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Chicago Bulls Summer League Roster Preview: Rookies and Two-Ways going for the title

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Getting to know your 2018 “SummerBulls”

NBA: Chicago Bulls at Oklahoma City Thunder Mark D. Smith-USA TODAY Sports

With the Bulls releasing their roster for Summer League, let’s take a look at guys on the squad.

Lauri Markkanen isn’t on the roster for Summer League, due to his involvement with Team Finland at the FIBA World Cup Qualifiers. And we already know what type of player he is against Summer League competition. More typically, Summer League rosters contain rookie draftees, and those hoping for an NBA contract anywhere (or in Europe). Scouts from all over the world will be in Vegas, Utah, and Sacramento to watch them, plus future superstars, step on an NBA court for the first time.

Guys We Know

Antonio Blakeney

Blakeney wants to make things happen offensively and can certainly create his own shot, which he showed both in Summer League and in the G-League. It wasn’t the same experience while playing for the main team as he struggled to get time and played mostly garbage minutes in most of his appearances. He did struggle to fit in the Bulls offense as his flaws concerning the rest of his game were exposed. Blakeney struggled to find rhythm in an offense where he wasn’t the main guy. Along with struggling defensively, Blakeney constantly took hasty shots and the shot selection was tough to watch.

But last summer Blakeney got the eyes of many Bulls fan with his play averaging 16.8 points per game while shooting 43.8% from the field. Even a couple of highlights were produced as the league games went on it was clear Chicago knew Blakeney was worth taking an extra look at, and afterwards he earned himself a two-way contract, the first in Chicago Bulls history.

This past regular season he spent the majority of his time in the G-League and absolutely tore it up. He was unstoppable as he led the league in scoring with 31.9 points per game, shooting 35% from three and 46.2% from the field overall. Again we saw flashes of how dangerous he can be as a scorer and how much trouble he can give defenses with the ball in his hands.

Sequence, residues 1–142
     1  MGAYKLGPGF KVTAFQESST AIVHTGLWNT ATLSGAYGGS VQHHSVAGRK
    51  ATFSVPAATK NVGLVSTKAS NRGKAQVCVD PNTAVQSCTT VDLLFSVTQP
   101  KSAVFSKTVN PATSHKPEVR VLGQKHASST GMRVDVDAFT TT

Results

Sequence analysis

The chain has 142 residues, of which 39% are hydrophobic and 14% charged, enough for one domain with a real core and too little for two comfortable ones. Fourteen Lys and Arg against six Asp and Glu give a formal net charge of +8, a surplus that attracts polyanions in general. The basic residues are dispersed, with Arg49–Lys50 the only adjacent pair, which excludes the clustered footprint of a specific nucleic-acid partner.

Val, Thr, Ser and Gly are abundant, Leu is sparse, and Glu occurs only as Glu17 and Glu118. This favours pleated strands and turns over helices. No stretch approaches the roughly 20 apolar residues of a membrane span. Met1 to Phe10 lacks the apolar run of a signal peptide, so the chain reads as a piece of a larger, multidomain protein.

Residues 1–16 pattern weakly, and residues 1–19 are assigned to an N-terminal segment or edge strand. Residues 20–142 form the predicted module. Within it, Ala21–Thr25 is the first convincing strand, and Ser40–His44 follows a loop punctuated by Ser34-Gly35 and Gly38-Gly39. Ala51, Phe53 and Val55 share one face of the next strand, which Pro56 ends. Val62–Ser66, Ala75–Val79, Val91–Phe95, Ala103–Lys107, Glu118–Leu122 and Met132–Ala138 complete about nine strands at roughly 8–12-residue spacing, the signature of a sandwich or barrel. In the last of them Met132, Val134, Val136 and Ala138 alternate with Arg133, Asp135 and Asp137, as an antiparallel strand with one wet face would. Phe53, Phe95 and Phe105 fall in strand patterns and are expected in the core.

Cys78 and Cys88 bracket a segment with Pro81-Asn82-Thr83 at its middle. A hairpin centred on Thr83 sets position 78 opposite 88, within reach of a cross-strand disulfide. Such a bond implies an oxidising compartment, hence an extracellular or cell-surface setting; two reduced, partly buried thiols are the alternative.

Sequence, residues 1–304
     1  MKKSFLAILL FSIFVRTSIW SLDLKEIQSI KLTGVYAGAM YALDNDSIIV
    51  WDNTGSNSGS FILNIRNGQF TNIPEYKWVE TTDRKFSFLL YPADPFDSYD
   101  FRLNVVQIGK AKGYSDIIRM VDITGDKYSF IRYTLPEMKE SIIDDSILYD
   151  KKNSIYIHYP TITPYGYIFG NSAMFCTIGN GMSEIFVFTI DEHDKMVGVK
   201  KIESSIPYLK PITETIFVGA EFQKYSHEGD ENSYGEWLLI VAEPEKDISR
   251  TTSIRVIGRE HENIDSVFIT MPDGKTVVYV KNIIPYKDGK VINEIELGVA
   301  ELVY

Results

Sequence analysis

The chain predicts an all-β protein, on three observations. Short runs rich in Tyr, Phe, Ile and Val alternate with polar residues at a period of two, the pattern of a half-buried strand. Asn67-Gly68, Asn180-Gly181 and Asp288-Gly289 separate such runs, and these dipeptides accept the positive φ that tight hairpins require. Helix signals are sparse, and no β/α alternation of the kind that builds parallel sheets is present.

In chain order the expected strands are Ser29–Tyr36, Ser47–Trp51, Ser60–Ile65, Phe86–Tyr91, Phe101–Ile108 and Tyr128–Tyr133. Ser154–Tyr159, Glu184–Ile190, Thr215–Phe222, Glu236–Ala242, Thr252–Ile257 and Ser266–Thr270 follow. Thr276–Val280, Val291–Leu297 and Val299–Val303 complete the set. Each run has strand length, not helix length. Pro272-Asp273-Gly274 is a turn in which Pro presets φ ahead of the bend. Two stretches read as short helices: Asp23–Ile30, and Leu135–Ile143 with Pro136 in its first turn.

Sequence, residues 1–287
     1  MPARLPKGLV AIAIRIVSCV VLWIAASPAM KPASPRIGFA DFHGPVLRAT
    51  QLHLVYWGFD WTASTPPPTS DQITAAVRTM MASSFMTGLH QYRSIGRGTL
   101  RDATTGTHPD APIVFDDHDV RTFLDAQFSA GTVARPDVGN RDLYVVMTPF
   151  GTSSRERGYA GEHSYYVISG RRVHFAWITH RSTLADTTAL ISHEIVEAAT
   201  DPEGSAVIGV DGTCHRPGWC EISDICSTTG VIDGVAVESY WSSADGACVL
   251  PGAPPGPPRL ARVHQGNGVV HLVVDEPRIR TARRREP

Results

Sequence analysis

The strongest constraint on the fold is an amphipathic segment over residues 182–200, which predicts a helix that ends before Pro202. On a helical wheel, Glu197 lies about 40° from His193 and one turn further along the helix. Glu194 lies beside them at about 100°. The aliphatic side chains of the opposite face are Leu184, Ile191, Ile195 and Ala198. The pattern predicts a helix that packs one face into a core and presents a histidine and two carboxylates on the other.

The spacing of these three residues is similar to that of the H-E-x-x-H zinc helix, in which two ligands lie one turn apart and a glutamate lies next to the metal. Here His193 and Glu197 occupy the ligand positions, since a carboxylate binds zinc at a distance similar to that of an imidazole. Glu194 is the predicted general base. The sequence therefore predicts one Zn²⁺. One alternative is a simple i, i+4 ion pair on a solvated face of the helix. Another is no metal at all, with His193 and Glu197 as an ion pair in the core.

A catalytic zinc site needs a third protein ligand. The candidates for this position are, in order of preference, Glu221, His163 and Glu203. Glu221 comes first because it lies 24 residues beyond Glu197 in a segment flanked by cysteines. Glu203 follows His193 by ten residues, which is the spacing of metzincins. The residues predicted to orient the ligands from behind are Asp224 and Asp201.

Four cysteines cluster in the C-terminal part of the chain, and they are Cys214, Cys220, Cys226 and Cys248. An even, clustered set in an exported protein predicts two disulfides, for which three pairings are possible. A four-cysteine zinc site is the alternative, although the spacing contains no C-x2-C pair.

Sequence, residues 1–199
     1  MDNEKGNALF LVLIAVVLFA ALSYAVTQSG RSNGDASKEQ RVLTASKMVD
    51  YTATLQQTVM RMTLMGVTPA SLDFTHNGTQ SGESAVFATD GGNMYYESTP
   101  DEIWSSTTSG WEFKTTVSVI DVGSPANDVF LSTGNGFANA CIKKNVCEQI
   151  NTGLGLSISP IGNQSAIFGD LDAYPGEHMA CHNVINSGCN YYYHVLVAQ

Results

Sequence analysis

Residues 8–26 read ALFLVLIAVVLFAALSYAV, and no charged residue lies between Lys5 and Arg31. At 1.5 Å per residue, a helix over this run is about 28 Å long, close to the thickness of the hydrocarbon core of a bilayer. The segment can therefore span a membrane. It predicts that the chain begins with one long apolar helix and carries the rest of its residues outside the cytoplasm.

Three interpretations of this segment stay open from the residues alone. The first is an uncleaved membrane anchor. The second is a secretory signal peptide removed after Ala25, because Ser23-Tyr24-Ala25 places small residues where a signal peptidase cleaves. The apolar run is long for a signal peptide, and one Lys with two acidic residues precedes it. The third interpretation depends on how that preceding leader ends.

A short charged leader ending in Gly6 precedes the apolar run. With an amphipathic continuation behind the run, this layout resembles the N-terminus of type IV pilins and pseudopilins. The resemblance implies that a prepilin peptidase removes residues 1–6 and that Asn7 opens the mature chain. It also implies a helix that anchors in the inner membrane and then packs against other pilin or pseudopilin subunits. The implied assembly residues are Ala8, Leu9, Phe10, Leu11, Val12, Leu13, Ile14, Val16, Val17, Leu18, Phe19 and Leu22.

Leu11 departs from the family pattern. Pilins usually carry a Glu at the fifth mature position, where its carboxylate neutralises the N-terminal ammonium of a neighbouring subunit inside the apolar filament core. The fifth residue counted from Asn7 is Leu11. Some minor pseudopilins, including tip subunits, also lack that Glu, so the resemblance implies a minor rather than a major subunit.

Hopefully, Blakeney can show more of a balance as a player. If he really wants to make it in the league, he will have to be at least competent on defense and a bit of distributor offensively. Expect him to be the main guy on offense during Summer League.

Ryan Arcidiacono

It’s not a surprise to see both of Chicago’s two-way players play on their Summer League team. Arcidiacono played 24 games for the Bulls and wasn’t really effective in any of them. With injuries to Kris Dunn and Cameron Payne during the season, Arcidiacono was thrusted into some rotation minutes at various points of the year. In terms of what he actually could do, Arcidiacono was somewhat able to initiate Chicago into their offense, distribute the ball, and play tough defense. For an undrafted point guard, it was not absolutely terrible.

Obviously he is playing for another chance to be their second two-way player (assuming Blakeney is still there). He was fine in the G-League but again didn’t show anything that special. In Summer League, one thing to look for will be his shooting. He was rough from three and it really limited the spacing when he was on the court. If he can get better at shooting the ball, it can go a long ways in terms of his improvement as an overall player.

Guys We Scouted

Wendell Carter Jr.

In my opinion, this is the player I’m most excited/curious to see play. At Duke, Wendell Carter Jr. wasn’t always one of the main guys on offense but expect the Bulls to try and see if he can fill that role in Summer League. Carter shot 43.1% from three at Duke, and pacing the floor is something which Chicago could use more of even if he might not be as lethal as his Finnish front court mate. If Carter wants to be anything like the Al Horford comps he has gotten, there needs to at least be a knockdown mid-range game, notable off his screening action.

Another thing to look for on offense is his passing, as one part of his game which was highly praised was his awareness and smarts on the court.

On defense, the obvious attribute to look for will be Carter’s ability to guard off the switch. One of his negatives was his foot speed quickness and how he could possibly be played off the floor when teams go with small ball lineups. If Carter is able to hold his own and at least stick with smaller players for just a bit, then it might reduce concerns about his defense. There is no doubt teams will be testing to see if he can switch on defense and how he plays in Summer League could be an indication of what a Markkanen-Carter Jr. duo looks like defensively.

Chandler Hutchison

Hutchison is the second of Chicago’s new draft picks and he will likely be the starting small forward in Summer League. At Boise State, he was their main creator and was their leading scorer at 20 points per game. Now he will have to learn to play more of an off-ball role as he fits inside this Chicago Bulls offense, though this won’t exactly be the case during Summer League.